In the vein of the Horrible Histories series, this fictional non-fiction tome is narrated by Hades, the Greek god of the dead as he takes the reader on a little tour of his Underworld kingdom.  Beginning with a quick overview of who he is and how he fits into the Ancient Greek pantheon, Hades quickly turns to more pressing matters, such as the importance of funerary rites and what to bring with you if you want to get across the river Styx and enter the fields of Elysium.  Along the way the reader will be introduced to the happy-to-let-you-in-but-unwilling-to-let-you-out guard beast, Cerberus, Hade’s part-time wife Persephone, and become privy to a whole range of stories about others who dwell in the Underworld, or who have attempted to breach its walls.  Stick close to Hades, pay close attention to his counsel, and you may just make it out of the Underworld alive!

Dip into it for… hades speaks

…a particularly thorough and cerebral take on Ancient Greek mythology for an upper-middle-grade audience.  I was surprised at the level at which this book was pitched – I was expecting something more along the lines of the Horrible Histories series, with cartoonish illustrations and a highly visual format, but the book follows a fairly standard format with page or double-page spread illustrations appearing between chapters.  The book actually goes into a fair bit of detail, recounting relevant myths about each part of the Underworld, and giving a very detailed overview of how Hades and the Underworld fit into the lives of the Ancient Greeks and Romans.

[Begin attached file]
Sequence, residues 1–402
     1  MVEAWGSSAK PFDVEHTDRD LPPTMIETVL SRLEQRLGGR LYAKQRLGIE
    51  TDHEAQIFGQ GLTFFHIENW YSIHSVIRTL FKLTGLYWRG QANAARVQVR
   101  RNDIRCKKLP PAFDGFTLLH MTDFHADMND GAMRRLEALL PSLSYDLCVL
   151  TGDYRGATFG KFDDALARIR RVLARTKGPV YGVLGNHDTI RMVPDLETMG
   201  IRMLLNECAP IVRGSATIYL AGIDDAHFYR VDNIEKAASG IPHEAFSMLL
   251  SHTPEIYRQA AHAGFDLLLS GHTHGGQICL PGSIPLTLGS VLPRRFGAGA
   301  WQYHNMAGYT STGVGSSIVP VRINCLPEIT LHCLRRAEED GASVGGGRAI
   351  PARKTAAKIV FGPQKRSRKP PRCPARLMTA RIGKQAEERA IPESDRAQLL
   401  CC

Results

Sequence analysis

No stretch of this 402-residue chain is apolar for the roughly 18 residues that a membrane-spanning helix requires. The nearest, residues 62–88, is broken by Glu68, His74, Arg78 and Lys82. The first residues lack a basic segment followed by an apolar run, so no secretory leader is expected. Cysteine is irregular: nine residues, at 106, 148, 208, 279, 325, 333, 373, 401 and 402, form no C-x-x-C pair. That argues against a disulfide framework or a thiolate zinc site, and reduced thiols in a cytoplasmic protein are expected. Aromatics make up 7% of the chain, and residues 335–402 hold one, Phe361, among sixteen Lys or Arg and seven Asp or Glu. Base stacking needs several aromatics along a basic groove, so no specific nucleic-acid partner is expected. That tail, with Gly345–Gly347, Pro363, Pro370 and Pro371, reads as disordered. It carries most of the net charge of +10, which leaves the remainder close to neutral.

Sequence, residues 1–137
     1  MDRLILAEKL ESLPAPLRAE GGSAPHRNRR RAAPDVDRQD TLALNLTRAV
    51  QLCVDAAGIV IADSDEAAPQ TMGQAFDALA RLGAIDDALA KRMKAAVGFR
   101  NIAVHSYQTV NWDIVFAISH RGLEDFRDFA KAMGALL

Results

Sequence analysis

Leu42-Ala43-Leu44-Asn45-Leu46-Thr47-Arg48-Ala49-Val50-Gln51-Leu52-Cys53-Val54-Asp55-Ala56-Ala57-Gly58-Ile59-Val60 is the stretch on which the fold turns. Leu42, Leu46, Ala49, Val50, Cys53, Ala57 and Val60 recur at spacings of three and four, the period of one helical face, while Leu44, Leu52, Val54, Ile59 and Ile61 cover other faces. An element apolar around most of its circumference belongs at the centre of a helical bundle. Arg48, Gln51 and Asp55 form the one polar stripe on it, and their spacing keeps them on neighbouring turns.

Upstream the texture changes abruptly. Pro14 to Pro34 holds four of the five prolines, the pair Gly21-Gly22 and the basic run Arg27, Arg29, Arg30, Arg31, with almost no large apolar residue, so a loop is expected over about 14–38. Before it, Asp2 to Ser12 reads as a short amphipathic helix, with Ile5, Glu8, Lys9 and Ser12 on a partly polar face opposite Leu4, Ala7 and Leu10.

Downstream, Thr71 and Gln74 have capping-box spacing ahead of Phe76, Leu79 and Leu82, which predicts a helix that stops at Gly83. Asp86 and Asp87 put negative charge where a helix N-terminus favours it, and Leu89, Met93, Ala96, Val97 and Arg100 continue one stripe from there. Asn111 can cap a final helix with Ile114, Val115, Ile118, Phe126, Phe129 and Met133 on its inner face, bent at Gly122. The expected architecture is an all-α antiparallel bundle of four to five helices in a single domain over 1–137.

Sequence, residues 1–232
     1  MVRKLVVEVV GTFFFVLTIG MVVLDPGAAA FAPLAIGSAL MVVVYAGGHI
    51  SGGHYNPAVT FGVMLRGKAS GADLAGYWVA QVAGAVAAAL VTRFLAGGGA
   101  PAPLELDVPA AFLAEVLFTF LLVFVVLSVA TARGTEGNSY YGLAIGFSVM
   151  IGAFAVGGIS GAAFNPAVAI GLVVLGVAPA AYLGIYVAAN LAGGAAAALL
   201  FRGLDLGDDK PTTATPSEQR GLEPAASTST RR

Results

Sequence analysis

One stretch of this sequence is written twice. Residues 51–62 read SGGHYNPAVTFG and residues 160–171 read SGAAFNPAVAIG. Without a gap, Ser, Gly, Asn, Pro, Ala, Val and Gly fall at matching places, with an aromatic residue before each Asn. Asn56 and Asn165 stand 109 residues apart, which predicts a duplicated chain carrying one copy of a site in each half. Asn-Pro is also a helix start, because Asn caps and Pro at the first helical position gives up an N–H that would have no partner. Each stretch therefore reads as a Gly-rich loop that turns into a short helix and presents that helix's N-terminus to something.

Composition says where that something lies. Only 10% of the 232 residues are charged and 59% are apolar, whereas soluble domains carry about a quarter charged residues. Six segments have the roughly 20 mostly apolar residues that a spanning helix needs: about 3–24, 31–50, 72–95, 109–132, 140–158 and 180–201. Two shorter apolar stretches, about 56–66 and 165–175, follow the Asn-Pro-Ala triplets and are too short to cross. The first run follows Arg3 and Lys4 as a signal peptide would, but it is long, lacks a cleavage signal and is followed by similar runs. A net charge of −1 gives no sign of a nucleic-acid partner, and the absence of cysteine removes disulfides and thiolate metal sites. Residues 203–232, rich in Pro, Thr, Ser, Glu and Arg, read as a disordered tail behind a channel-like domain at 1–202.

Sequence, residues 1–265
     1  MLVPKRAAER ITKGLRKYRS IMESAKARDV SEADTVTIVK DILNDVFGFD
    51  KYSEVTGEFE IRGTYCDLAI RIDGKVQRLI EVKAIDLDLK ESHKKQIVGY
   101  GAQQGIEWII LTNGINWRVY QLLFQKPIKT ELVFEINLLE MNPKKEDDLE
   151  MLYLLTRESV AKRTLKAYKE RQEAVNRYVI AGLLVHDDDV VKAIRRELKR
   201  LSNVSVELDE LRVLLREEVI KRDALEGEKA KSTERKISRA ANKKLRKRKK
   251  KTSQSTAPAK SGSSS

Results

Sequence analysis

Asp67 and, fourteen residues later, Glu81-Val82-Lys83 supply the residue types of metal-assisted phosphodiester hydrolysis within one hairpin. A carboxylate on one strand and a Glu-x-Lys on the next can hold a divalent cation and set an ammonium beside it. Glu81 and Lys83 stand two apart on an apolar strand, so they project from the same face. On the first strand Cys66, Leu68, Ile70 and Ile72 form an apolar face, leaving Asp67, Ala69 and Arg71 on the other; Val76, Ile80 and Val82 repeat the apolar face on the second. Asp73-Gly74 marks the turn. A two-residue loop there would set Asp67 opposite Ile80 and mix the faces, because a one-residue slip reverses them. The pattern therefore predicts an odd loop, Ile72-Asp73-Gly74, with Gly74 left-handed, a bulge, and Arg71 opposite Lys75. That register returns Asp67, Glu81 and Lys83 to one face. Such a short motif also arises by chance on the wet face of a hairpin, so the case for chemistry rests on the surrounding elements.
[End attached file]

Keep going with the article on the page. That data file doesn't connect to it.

Don’t dip if…

…you’re a struggling reader.  In my opinion, this book would be best tackled by confident readers who have an interest in myths and legends, because even as an adult reader I felt that there was a lot of information to take in.  The book does have a glossary at the end, but I imagine it could be quite tricky for the uninitiated to take in all the detail, even given the modern references and Hades’ sarky style of narration.

Overall Dip Factor:

This would be a great addition or companion book for those interested in Ancient Greek mythology, or for those who are looking for a way to get historical information into the hands of middle-graders in a palatable way.  The whole vibe of the book suggests to me that it would best suit the upper end of the middle grade bracket, or even those in the younger YA set who are looking for an alternative to straight fiction.  The illustrations are stark (but stunning!) detailed black and white line drawings that really add to the impression that these are “serious” myths – ones that have shaped Western culture and literature.  As an adult reader, I found it to be a succinct but detailed introduction to Hades and the Underworld, with a narrative style that really leant authenticity to the concept of touring the Underworld.  I’d certainly recommend this book to confident young readers who like to indulge their intellectual appetites through myth and legend.

Have either of these titles whetted your appetite? I hope so! I’m going to submit BOTH of these to the Small Fry Safari Kid Lit Readers Challenge in category four: a book with someone’s name in the title.  If you’d like to know more about the challenge, or sign up (there’s still time!), simply click this delightful little button:

small fry
Until next time history buffs,

Bruce

*I received a digital copy of Lug: Dawn of the Ice Age from the publisher via Edelweiss in exchange for an honest review*

*I received a digital copy of Hades Speaks from the publisher via Netgalley in exchange for an honest review*